Status Report

NASA OIG Small Business Innovation (SBIR) Program Audit Report

By SpaceRef Editor
January 12, 2011
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NASA OIG Small Business Innovation (SBIR) Program Audit Report

NASA Inspector General Paul K. Martin today released a report that found significant weaknesses in NASA’s oversight and monitoring of awards made under its Small Business Innovation Research (SBIR) program. In particular, the audit found that SBIR awards made by NASA in 2008 contained an estimated $2.7 million in unallowable and unsupportable costs.

Congress created the SBIR program in 1982 to stimulate technological innovation, increase participation by small businesses and disadvantaged persons in federally funded research and development, and increase private sector commercialization of innovations derived from federally funded research efforts. NASA’s SBIR Program is the third largest of the 11 Federal agencies participating in the program and awards an average of $112 million annually to small businesses.

The Office of Inspector General (OIG) initiated this audit because investigations by its Office of Investigations have identified cases of fraud, waste, and abuse in NASA’s SBIR Program that raised questions about the overall effectiveness of the Program’s internal controls. The scope of the audit released today included all SBIR technical proposals submitted to and contracts awarded by NASA for program year 2008. As part of the review, the OIG examined a statistical sample of 67 of these SBIR awards.

Our review found that while NASA’s initial choice of SBIR award recipients appeared objective and merit-based, its oversight and monitoring of awards was deficient. In addition to the estimated $2.7 million in unallowable and unsupportable costs that included travel and equipment expenses, we found that NASA officials lacked adequate procedures to ensure SBIR applicants’ past performance had been considered when selecting recipients of approximately $85.7 million in “Phase 2” SBIR funds. Federal acquisition rules require consideration of past performance information in awards of more than $100,000 to ensure the selected proposal represents the best value.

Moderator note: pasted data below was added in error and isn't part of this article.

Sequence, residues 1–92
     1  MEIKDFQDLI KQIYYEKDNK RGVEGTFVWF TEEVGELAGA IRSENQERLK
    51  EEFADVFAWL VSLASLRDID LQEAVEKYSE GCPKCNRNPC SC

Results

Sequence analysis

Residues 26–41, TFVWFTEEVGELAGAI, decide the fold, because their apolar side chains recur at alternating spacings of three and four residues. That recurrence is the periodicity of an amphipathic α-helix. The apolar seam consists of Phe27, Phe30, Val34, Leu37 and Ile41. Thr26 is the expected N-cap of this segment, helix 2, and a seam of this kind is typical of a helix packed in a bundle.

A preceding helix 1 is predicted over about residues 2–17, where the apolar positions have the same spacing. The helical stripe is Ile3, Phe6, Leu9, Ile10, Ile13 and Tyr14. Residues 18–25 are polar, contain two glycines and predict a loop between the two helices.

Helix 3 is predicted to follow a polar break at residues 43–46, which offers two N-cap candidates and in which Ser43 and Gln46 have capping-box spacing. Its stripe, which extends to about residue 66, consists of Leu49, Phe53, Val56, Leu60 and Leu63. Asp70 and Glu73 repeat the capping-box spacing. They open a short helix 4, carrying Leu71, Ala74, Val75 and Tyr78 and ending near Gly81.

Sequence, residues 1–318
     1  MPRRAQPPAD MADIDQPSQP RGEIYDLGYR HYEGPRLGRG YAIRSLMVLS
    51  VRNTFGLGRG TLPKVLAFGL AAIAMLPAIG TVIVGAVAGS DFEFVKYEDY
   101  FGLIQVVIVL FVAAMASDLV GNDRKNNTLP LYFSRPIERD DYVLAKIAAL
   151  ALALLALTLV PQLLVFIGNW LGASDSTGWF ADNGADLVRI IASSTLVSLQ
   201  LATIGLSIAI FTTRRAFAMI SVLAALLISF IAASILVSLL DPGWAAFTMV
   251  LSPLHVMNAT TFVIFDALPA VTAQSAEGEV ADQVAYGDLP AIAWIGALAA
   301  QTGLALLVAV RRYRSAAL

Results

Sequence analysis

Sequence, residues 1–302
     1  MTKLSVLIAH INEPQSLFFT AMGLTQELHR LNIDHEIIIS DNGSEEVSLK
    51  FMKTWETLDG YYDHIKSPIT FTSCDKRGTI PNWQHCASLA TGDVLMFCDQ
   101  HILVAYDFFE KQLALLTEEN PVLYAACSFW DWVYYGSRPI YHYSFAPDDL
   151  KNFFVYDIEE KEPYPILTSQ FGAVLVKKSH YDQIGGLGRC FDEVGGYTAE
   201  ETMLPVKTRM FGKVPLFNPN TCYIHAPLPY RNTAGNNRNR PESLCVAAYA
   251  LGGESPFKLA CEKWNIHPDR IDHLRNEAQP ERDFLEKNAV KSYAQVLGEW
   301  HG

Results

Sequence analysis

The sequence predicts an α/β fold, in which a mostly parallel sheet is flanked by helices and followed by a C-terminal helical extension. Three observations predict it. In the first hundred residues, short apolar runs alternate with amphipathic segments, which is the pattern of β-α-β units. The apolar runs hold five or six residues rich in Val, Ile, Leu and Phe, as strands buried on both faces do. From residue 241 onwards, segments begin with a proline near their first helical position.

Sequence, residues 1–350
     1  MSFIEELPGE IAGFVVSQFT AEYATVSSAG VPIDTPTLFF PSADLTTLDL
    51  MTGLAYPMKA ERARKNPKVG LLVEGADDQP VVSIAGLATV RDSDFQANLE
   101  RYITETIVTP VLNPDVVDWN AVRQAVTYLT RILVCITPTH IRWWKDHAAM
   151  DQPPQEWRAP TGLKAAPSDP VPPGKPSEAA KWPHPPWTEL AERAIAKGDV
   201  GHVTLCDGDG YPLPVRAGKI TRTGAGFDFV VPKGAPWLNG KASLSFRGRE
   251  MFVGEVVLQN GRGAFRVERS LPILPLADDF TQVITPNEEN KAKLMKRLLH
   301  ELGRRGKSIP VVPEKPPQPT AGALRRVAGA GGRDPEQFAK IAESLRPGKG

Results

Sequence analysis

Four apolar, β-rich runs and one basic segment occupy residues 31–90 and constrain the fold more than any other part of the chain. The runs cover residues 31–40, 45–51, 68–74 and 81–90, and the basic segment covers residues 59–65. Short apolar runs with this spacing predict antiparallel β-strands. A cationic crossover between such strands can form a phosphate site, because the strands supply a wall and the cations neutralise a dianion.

Finally, NASA has not implemented appropriate internal controls to prevent fraud and abuse in contract awards. Consequently, some SBIR award recipients may have received multiple SBIR awards from different Federal agencies for the same research or NASA may have received highly questionable research products for its money.

The full report can be found on the OIG’s website at under “Reading Room” or at the following link:

Please contact Renee Juhans at (202) 358-1220 if you have questions.

Renee N. Juhans
Executive Officer
NASA Office of Inspector General

SpaceRef staff editor.